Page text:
The Chronicle of The Kings of Norway
Part 216 - King Olaf's Speech
King Olaf got certain intelligence now that it would be but a short time until he had a battle with the bondes; and after he had mustered his men, and reckoned up the force, he had more than 3000 men, which appears to be a great army in one field.
Then the king made the following speech to the people:
"We have a great army, and excellent troops; and now I will tell you, my men, how I will have our force drawn up.
I will let my banner go forward in the middle of the army, and my-court-men, and pursuivants shall follow it, together with the war forces that joined us from the Uplands, and also those who may come to us here in the Throndhjem land.
On the right hand of my banner shall be Dag Hringson, with all the men he brought to our aid; and he shall have the second banner.
And on the left hand of our line shall the men be whom the Swedish king gave us, together with all the people who came to us in Sweden; and they shall have the third banner.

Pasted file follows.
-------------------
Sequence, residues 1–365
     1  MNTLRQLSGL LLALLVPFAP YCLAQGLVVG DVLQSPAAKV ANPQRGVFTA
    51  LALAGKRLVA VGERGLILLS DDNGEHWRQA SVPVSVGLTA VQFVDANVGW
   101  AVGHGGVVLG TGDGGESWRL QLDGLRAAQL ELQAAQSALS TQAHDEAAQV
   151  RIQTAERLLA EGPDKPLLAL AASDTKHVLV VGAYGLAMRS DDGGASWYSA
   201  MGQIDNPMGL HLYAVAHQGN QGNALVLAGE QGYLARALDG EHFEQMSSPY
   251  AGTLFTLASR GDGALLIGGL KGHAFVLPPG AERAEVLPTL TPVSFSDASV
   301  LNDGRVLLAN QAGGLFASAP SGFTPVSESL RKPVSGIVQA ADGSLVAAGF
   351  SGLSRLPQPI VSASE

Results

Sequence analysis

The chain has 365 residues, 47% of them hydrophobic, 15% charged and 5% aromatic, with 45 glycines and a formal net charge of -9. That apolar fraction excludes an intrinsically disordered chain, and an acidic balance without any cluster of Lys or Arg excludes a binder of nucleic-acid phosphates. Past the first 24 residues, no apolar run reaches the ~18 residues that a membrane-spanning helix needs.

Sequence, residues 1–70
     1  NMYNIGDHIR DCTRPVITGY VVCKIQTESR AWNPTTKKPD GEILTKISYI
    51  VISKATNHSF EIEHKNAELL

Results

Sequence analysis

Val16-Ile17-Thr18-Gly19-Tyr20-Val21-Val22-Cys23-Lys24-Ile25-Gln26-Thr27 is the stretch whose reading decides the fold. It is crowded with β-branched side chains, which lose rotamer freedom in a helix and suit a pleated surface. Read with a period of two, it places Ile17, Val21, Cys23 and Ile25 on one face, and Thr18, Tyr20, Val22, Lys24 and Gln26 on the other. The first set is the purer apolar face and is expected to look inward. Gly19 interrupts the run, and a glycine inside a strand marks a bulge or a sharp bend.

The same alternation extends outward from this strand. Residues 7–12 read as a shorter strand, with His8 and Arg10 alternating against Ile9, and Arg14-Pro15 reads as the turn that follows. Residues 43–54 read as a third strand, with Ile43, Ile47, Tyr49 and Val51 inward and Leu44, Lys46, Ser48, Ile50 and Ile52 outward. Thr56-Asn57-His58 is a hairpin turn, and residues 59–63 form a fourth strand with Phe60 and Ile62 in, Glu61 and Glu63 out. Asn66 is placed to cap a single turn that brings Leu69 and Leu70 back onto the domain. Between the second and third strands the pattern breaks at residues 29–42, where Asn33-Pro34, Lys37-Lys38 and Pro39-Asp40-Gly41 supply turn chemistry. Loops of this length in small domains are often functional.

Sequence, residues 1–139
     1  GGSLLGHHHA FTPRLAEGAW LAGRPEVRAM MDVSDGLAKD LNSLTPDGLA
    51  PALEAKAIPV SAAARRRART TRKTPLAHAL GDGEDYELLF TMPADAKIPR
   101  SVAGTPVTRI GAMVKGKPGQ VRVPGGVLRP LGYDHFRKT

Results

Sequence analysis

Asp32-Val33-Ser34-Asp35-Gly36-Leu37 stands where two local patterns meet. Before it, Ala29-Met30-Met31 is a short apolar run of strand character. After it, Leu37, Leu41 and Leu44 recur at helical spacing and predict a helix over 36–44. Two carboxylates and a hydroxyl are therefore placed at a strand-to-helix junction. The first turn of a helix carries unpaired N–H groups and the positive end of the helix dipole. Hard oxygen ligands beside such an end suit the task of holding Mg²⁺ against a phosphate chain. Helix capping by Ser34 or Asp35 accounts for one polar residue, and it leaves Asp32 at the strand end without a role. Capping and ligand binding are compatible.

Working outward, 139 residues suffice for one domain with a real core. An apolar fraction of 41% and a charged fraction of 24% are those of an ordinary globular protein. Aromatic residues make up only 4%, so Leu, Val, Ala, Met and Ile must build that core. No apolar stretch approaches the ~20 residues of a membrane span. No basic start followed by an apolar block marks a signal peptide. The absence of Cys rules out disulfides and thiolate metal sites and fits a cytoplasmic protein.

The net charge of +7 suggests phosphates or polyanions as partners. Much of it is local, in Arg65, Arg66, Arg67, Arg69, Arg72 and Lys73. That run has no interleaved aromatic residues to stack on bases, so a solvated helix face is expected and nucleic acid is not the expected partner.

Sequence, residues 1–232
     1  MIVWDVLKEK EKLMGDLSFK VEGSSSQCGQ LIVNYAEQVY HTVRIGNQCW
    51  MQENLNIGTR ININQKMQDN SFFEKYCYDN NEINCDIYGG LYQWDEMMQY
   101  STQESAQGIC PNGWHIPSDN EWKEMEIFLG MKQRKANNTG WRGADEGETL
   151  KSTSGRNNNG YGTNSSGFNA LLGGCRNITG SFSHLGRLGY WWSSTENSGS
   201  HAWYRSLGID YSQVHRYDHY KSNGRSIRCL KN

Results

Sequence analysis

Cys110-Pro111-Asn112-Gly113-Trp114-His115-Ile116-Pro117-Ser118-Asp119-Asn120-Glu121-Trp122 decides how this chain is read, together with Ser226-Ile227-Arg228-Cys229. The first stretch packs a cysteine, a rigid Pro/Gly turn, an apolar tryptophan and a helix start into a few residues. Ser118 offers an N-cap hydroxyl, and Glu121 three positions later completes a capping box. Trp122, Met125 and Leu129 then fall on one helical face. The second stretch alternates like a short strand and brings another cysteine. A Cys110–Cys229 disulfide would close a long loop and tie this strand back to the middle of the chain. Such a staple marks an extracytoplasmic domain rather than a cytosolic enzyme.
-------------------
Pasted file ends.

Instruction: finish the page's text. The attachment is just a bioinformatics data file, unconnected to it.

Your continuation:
I will also have the people divide themselves into distinct flocks or parcels, so that relations and acquaintances should be together; for thus they defend each other best, and know each other.
We will have all our men distinguished by a mark, so as to be a field-token upon their helmets and shields, by painting the holy cross thereupon with white colour.
When we come into battle we shall all have one countersign and field-cry, —
'Forward, forward, Christian men! cross men! king's men!'
We must draw up our meal in thinner ranks, because we have fewer people, and I do not wish to let them surround us with their men.
Now let the men divide themselves into separate flocks, and then each flock into ranks; then let each man observe well his proper place, and take notice what banner he is drawn up under.
And now we shall remain drawn up in array; and our men shall be fully armed, night and day, until we know where the meeting shall be between us and the bondes."
When the king had finished speaking, the army arrayed, and arranged itself according to the king's orders.